Mount Sinai researchers are the first in the country to use artificial intelligence (AI) combined with imaging, and clinical data to analyze patients with coronavirus disease (COVID-19). They have developed a unique algorithm that can rapidly detect COVID-19 based on how lung disease looks in computed tomography (CT scans) of the chest, in combination with patient information including symptoms, age, bloodwork, and possible contact with someone infected with the virus.
Beyond its human toll, the current situation is placing a significant burden on businesses around the world. Companies and institutions reacted quickly and responsibly, prioritizing the safety of their employees, customers and partners. Consequentially, established workflows and production chains were completely overthrown or halted within a matter of weeks. To recover from this unprecedented external shock – while at the same time continuing to ensure the highest level of safety for their employees – organizations will need to pursue new, innovative paths.
Invicro LLC, a Konica Minolta company, is working with Microsoft to create a free repository of COVID-19 diagnostic CT and X-ray datasets to facilitate understanding and treating this global threat.
As a way to limit patient risk of exposure during the COVID-19 pandemic, CMS expanded Medicare telehealth coverage, enabling beneficiaries to receive a wider range of health care services from their doctors without having to travel to a health care facility. This expansion temporarily pays clinicians to provide telehealth services for beneficiaries across the country, which some said was helpful to orthopedic surgeons when state governors announced the delay of all elective surgeries, non-essential medical, surgical and dental procedures during the COVID-19 outbreak.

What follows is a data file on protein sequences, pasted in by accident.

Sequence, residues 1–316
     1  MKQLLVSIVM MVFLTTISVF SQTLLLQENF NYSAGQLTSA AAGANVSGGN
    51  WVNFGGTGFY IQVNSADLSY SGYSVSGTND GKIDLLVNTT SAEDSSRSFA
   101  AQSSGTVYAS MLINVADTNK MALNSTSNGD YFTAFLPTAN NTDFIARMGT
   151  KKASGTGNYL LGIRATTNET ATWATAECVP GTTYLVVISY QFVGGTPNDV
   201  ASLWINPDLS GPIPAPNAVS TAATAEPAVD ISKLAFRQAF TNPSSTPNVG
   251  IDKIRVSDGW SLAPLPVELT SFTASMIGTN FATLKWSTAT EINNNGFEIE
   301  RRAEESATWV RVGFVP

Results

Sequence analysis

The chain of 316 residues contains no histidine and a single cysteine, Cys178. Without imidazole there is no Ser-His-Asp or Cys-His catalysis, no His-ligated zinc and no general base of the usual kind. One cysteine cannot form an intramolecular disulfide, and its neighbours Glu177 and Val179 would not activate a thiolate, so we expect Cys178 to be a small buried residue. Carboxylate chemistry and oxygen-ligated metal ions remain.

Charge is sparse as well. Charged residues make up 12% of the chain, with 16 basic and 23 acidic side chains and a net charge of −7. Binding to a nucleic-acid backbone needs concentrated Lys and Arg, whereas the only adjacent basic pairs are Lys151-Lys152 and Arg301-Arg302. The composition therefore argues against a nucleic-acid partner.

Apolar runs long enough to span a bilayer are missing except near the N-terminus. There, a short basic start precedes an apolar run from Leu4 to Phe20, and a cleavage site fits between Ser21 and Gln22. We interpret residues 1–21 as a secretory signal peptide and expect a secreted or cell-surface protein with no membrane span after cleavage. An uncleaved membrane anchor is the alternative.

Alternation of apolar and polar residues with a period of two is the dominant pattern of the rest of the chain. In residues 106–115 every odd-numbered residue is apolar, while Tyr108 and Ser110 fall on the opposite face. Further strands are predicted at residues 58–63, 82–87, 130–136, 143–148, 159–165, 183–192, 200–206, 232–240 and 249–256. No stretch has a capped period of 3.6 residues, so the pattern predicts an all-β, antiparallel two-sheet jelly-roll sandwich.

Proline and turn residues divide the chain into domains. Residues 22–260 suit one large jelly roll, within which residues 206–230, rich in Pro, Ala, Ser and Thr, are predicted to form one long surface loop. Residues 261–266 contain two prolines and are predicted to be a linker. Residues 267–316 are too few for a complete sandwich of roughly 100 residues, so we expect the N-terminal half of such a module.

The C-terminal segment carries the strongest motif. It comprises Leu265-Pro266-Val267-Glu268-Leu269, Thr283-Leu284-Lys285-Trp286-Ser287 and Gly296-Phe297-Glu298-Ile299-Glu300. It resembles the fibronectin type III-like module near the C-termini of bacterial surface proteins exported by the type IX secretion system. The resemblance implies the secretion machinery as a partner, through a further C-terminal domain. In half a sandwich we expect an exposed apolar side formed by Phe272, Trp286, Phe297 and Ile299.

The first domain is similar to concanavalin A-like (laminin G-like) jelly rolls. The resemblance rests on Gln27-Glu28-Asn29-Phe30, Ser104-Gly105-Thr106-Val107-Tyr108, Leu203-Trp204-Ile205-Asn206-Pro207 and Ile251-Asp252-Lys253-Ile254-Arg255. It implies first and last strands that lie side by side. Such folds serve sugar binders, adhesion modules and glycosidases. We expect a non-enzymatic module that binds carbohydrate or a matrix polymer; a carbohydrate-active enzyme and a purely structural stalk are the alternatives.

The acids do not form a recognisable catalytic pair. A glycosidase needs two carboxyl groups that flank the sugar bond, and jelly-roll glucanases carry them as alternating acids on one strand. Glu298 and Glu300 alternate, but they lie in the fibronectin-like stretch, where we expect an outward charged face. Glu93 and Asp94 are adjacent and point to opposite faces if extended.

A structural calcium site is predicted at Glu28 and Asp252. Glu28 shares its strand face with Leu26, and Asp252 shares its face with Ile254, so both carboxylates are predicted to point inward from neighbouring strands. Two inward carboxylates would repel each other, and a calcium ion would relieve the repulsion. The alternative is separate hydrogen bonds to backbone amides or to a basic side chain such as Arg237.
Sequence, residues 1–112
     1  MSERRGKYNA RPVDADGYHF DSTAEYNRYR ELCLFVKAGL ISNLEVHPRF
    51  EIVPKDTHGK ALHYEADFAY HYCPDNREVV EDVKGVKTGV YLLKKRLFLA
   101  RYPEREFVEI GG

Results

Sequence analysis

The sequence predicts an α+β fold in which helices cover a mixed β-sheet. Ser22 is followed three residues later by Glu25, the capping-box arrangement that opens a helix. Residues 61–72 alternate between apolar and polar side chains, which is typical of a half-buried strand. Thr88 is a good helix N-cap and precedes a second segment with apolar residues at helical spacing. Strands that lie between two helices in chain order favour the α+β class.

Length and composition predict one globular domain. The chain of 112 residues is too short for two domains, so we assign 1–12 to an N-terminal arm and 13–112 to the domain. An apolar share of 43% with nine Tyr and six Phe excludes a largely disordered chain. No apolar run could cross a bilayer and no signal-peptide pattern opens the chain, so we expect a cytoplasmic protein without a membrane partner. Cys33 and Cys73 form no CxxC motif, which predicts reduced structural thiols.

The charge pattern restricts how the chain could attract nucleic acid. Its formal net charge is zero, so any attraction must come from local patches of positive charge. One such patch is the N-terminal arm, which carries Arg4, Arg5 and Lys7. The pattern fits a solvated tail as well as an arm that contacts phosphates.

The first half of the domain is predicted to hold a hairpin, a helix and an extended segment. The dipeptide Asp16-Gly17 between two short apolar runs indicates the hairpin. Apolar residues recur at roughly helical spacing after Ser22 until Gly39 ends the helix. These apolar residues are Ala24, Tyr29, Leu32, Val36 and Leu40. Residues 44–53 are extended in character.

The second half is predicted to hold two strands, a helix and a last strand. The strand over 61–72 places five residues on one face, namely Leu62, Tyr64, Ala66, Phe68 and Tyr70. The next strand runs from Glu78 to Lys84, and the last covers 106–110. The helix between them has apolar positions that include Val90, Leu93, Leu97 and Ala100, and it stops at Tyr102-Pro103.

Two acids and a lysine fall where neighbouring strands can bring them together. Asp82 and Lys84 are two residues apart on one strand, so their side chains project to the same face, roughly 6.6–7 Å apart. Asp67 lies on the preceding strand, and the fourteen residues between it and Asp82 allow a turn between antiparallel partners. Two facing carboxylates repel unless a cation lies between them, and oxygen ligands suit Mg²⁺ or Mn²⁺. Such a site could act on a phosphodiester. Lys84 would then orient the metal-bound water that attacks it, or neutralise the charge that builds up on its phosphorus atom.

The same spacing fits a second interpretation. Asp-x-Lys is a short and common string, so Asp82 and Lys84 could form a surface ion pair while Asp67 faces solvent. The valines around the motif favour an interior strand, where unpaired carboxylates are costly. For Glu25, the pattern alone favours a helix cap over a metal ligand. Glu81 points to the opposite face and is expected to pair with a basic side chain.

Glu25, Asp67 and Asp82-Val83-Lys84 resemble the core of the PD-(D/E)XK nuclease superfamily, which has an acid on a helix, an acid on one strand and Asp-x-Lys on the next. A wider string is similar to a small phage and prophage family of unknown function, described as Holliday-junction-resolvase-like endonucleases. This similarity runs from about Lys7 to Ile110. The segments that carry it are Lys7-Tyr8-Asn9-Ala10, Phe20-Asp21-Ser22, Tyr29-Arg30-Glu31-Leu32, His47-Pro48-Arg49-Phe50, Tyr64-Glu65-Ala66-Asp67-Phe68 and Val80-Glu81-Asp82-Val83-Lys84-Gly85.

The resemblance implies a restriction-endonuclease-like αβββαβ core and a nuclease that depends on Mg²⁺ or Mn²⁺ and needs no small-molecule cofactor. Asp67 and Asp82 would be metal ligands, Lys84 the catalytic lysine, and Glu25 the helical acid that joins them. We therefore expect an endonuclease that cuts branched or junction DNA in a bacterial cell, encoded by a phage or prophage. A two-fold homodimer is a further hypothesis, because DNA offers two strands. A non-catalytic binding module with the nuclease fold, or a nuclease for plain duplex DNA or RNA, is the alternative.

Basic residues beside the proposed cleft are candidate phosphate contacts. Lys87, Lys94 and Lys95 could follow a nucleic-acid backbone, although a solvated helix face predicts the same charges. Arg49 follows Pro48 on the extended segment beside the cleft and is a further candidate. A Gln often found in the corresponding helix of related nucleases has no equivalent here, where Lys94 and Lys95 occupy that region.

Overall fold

CMS recently announced that video and chat apps that normally do not comply with HIPAA security and privacy regulations can be used to facilitate patient care during the COVID-19 public health emergency.
The Centers for Medicaid and Medicare Services has temporarily suspended paperwork requirements for hospitals and is upping access to telehealth services in the fight against the coronavirus pandemic.
It was the first day after the San Francisco Bay Area declared that residents shelter in place, and I was getting ready to see patients. I generally dress in a dry-cleaned shirt, slacks, and a tie. I’m a pediatrician and feel parents deserve to see a physician in professional attire for all the money they pay for healthcare. Shelter in place, however, meant dry cleaning services might be closed for a long while. So I opted instead for jeans and a sweater—easy to wash and dry at home. Inside my car, I felt uncertain. I was a team leader in my medical group’s response to the pandemic, but I wasn’t sure what awaited me.
AI-based applications and chatbots help care providers in delivering nursing aid after being discharged from the hospital. This aspect helps shorten the provision of outpatient services and boosts the accuracy of examining patient compliance post-discharge.
Patients will soon have what HHS called “unprecedented” secure and free access to their health information. Two rules finalized by the HHS Office of the National Coordinator for Health Information Technology (ONC) and CMS — meant to carry out the interoperability and patient access provisions under the 21st Century Cures Act — will allow patients to access their health data using apps so that they can make better health care decisions.